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the word of God was efficacious, and the people were edified. The same way of teaching was observed in the middle ages, 'till the times of the reformation; and even then our best scholars still drew their divine oratory, particularly the learned and accomplished Erasmus, from the spiritual wisdom of the first ages. To revive and promote which, within my own little sphere, is the design of this and the following lectures: in all which I shall invariably follow the rule of making the scripture its own interpreter. And now I have opened the way by shewing in what respects and for what reasons the style of the scripture differs from that of other books, and that it is symbolical or figurative; I propose with God's leave to distinguish the figures of the scripture into their proper kinds, with examples and explanations in each kind, from the scripture itself.




IT hath been shewn in the former Lecture, that as the scripture teaches spiritual things which cannot be taught in words, the wisdom of God hath made use of things, as signs and figures, to explain them. This is done for several reasons: first, because we cannot conceive things of a spiritual nature but by borrowing our notions of them from the things that are visible and familiar to our senses. Secondly, because the scripture can speak under this form to some men, and reveal many things to them, while the same words reveal nothing to others like that pillar in the wilderness, which was a cloud of darkness to the Egyptians,

Egyptians, while it gave light to the Hebrews. Thirdly because an outward sign, such as those of the scripture are, becomes a pledge and an evidence of the thing signified; as it doubtless is a wonderful confirmation of the gospel to see its mysteries exactly delineated so long before in the services of the law of Moses; and much more to see them written in the characters of nature itself.

The things which the scripture uses as figures of other things are taken, 1. From the natural creation, or world of sensible objects. 2. From the institutions of the law. 3. From the per sons of the prophets and holy men of old time. 4. From the history of the church. 5. From the actions of inspired men, which in many instances were not only miracles but signs of something beyond themselves, and conformable to the general plan of our salvation and redemption.

These are the materials of that figurative language in which the bible is written; and of the several kinds of them, as here distinguished, I shall treat in their order, after I have given a general description of each.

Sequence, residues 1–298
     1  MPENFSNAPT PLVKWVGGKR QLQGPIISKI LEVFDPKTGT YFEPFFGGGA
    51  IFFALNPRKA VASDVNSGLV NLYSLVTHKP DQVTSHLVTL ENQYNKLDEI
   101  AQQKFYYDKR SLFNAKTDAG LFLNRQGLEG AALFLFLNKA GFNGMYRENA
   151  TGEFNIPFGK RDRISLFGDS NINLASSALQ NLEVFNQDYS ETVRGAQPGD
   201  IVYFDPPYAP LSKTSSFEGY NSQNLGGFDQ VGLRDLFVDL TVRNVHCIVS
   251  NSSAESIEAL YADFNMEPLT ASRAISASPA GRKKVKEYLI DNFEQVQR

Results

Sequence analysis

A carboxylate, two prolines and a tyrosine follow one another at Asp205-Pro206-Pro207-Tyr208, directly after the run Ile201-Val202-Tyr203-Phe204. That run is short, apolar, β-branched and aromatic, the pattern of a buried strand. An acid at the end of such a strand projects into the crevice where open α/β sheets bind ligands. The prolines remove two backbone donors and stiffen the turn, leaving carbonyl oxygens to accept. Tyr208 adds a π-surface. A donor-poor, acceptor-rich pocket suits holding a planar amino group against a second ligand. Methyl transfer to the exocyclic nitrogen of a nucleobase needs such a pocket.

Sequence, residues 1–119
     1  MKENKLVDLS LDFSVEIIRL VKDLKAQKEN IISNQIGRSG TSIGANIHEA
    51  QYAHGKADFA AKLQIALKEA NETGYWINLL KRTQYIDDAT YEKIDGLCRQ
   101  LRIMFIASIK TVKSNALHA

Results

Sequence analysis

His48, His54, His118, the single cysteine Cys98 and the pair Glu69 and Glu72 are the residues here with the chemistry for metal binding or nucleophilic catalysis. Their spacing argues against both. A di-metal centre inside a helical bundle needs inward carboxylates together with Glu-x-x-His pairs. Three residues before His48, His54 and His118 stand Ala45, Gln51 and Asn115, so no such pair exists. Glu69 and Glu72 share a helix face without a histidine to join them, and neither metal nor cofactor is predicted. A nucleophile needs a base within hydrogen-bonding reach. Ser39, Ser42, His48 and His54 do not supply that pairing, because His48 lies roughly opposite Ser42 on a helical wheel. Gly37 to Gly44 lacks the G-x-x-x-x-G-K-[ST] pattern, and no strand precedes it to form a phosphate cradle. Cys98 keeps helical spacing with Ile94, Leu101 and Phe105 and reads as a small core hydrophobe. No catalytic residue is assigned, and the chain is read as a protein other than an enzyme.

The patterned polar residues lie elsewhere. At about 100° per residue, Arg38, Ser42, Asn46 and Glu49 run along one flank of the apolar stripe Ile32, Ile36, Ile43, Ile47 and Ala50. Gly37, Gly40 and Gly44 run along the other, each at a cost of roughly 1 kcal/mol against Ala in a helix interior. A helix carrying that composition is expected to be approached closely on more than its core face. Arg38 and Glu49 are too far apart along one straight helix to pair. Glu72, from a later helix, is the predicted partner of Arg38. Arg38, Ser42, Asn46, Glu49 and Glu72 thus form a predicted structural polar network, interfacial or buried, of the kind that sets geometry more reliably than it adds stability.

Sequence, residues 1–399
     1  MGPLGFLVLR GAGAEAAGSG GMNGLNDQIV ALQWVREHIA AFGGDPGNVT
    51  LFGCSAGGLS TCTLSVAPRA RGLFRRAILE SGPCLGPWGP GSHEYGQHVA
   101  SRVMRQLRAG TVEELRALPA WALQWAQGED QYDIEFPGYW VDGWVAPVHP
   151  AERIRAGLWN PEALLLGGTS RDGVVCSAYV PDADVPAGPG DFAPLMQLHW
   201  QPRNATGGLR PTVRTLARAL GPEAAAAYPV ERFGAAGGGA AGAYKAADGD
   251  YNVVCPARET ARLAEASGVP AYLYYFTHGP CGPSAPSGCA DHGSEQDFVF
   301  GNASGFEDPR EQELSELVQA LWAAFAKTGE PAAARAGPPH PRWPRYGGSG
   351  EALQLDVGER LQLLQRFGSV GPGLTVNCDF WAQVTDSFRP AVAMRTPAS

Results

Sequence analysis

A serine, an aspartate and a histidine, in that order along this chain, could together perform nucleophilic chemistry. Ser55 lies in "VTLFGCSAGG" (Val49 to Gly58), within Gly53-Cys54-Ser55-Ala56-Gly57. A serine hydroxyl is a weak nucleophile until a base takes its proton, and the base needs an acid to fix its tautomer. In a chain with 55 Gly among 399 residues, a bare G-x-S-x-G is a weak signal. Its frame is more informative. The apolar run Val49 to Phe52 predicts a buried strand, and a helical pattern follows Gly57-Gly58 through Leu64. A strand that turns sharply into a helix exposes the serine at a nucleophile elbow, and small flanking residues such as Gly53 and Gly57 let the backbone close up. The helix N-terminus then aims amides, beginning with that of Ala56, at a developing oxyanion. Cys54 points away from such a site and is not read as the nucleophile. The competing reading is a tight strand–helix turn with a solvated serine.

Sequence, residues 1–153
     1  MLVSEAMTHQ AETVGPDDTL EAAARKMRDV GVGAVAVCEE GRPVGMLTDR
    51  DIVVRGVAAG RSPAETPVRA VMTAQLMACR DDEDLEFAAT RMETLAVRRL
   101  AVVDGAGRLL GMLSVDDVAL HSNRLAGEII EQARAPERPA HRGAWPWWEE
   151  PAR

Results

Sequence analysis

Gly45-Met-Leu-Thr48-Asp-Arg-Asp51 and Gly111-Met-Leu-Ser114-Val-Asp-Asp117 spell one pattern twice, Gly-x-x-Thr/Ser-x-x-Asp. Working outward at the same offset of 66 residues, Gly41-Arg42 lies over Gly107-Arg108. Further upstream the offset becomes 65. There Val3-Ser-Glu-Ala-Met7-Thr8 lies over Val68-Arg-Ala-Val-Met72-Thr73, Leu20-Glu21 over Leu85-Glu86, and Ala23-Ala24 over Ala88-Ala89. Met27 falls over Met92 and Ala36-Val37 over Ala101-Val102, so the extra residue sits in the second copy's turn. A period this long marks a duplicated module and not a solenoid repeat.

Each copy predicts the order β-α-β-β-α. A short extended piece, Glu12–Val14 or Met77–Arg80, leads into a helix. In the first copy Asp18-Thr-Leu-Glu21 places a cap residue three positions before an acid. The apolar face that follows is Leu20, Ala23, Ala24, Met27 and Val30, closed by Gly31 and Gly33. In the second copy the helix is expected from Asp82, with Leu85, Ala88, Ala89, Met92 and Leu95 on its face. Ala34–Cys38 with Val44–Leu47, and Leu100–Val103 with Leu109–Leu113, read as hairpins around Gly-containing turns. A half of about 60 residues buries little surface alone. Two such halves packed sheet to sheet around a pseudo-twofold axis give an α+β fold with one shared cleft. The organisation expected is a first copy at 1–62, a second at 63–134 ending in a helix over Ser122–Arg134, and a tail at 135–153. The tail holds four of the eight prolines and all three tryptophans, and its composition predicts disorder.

1. When any object is taken from the visible creation, and applied as an illustration or sign of some spiritual truth, we call it a natural

image. The scripture calls them similitudes; as in that passage of the prophet Hosea-I have multiplied visions, and used similitudes by the ministry of the prophets *. A discourse made up of such is called a parable; a form of speech which our Saviour as a divine teacher thought most agreeable to the nature of his own preaching, and to the wants of his hearers. In which, however, he only did what the scripture had always done; he instructed the eyes of the understanding by placing some natural object be fore them; and as the visible world throughout is a pattern of the invisible, the figures of the sacred language built upon the images of nature, are as extensive as the world itself; so that it would be a vain undertaking to interpret all the figures which are reducible to this


Hofea xii. 10.

2. Other figures are borrowed from the insti tutions of the ceremonial law, which are applied to the things of the gospel; and in this capacity the law is all figure. It is nothing considered in itself but a copy, a shadow of good things to come; and as a shadow, it had only the form, not the substance, (or very image, as the scripture calls it) of the things hoped for. Its elements were like those of the gospel in form;


and therefore it was a schoolmaster, a teacher of such elements as prepared the mind for the reception of a spiritual dispensation, in which its shadows are now realized.

When our Saviour Jesus Christ is called a priest, a character is given to him, which cannot be understood till we go back to the law. There we see what a priest was, and what he did; and thence we learn the nature of our Saviour's priestly office. And as the whole law, in its ritual, consisted chiefly of priestly ministration; then, if the priest himself was figurative, his ministration was so likewise, and consequently the law was a pattern of the gospel.

3. The things relating to our Saviour's person, that is, to his birth, dignity, actions, sufferings, death, resurrection, and glorification, were foreshewn in the history of other great and remarkable persons, who, in the former ages of the church, were saviours upon occasion to their people, or examples of persecuted innocence, truth, and holiness, as he was to be. Such persons acting, or suffering, or triumphing, in this prophetic capacity, are called types. In the gospel they are called figns; and as a specimen for the present, we may take the two characters of Jonah and Solomon, as referred to in the 11th chapter of St.




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